News

Alan Karchmer for NMAAHC

When the Smithsonian Institution opens the National Museum of African American History and Culture this Saturday, Sept. 24, in Washington, D.C., the celebration will reach beyond the nation's capital to Bethel College in North Newton.

Trae Dunn / Flickr Creative Commons

The Kansas Highway Patrol will be extra vigilant in stopping drivers for speeding this weekend. The special enforcement will run from Friday, Sept. 23, through Sunday, Sept. 25.

The department says law enforcement will be on the lookout for drivers breaking traffic laws by speeding, texting, driving while impaired or not wearing a seatbelt. The patrols will take place on city streets, rural roads and state and federal highways.

Kristofor Husted / Harvest Public Media

When heavy rains wash through farm country, chemicals from agricultural fields spill into small tributaries and eventually make their way to the Gulf of Mexico. That’s created an environmental disaster. For Harvest Public Media’s special series “Watching Our Water,” Kristofor Husted reports on new research into combating the problem.

Farming in the fertile Midwest is tied to an environmental disaster in the Gulf of Mexico. But scientists are studying new ways to lessen the Midwest’s environmental impact and improve water quality.

Michael Wilson

John Hiatt’s a songwriter’s songwriter whose tunes have been covered by everyone from Bob Dylan to Bonnie Raitt, but he’s also made a string of critically acclaimed albums that spotlight the disparate threads of American music which comprise his own work. Watershed efforts such as Bring The Family (1987), Crossing Muddy Waters (2000) and Beneath This Gruff Exterior (2003) run the gamut from R&B, to the kind of folky blues made famous by Mississippi John Hurt, to soulful rock.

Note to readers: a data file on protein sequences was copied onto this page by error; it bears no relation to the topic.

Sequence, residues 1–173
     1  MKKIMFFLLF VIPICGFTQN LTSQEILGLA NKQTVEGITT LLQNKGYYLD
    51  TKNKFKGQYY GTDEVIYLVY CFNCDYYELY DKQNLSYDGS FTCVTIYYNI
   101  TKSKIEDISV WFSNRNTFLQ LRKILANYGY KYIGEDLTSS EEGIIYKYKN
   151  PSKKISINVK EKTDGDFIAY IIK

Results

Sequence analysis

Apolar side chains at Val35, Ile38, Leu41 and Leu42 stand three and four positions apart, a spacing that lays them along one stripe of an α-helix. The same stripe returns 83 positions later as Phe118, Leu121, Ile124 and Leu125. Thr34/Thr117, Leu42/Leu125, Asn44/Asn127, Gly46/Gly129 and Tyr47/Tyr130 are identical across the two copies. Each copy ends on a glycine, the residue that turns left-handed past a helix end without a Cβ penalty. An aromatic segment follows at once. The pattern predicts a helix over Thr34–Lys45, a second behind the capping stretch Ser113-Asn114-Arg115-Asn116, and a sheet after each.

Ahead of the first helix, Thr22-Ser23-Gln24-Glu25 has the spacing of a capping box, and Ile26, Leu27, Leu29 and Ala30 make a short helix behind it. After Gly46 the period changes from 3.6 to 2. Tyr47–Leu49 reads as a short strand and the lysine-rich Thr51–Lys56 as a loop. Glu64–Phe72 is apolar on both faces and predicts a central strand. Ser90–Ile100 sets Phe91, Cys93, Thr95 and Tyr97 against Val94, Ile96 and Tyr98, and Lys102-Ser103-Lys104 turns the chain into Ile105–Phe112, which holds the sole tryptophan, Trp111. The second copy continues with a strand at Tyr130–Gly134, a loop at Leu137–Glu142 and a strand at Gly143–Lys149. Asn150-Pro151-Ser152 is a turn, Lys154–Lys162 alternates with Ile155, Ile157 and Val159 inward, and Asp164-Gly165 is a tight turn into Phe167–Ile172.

Radek Szuban / flickr Creative Commons

Fall may have just started, but the Wichita Fire Department is urging residents to start prepping their houses for "home heating season."

Wichita Fire Chief Ron Blackwell says the department typically sees an increase in house fires during the winter months when people start using their heating systems. There have already been four fatal house fires in Wichita this year, he says: two caused by smoking, and two whose causes have yet to be determined.

Joe Gratz, flickr Creative Commons

Kansas is one of 21 states suing the U.S. Department of Labor over a new rule regarding overtime pay.

If the rule stands, close to 4 million additional workers in the U.S. would be eligible for extra compensation when they work more than 40 hours a week. That's because the Department of Labor ordered a change that effectively doubles the wage threshold at which a worker can be deemed "exempt" from overtime pay.

All workers who make less than $47,476 a year will be eligible. The rule includes government employees.

University of Kansas Chancellor Bernadette Gray-Little announced on Thursday that she will step down next summer.

Gray-Little has led the school since 2009, when she became the first woman and the first African-American to serve as KU chancellor.

In a message to campus students and staff, Gray-Little said she’s proud of the school's accomplishments during her tenure, including the Far Above fundraising campaign, which raised $1.6 billion to help pay for scholarships, faculty and new buildings.

wikipedia.org

The Kansas Corporation Commission will hold a public hearing Monday about a rate hike requested by the Kansas Gas Service.

The KCC is seeking input from the public regarding an application from the Kansas Gas Service to increase it’s utility rates. Linda Berry, KCC Public Affairs Director, says the gas company is requesting a $ 28 million rate increase.

"The average monthly bill for residential customers would increase about $4.34-per-month, and that’s an increase of about 7.4 percent," Berry says.

Andy Marso / Heartland Health Monitor/File photo

Legislative auditors said Wednesday they can’t confirm that the Medicaid application backlog numbers state officials have reported are correct.

Applications have been backlogged for about a year following the rocky rollout of a new computer system, an administrative decision that funneled all applications through a single state agency and a larger-than-expected influx of applications during the Affordable Care Act open enrollment period.

Peggy Lowe / Harvest Public Media

Agriculture is often blamed for the pollution in Midwestern rivers and streams. But there are other culprits for our dirty waters. Today, in the fourth installation of our series “Watching Our Water,” Harvest Public Media’s Peggy Lowe looks at how cities respond to that pollution – and create some of it, too.

Pages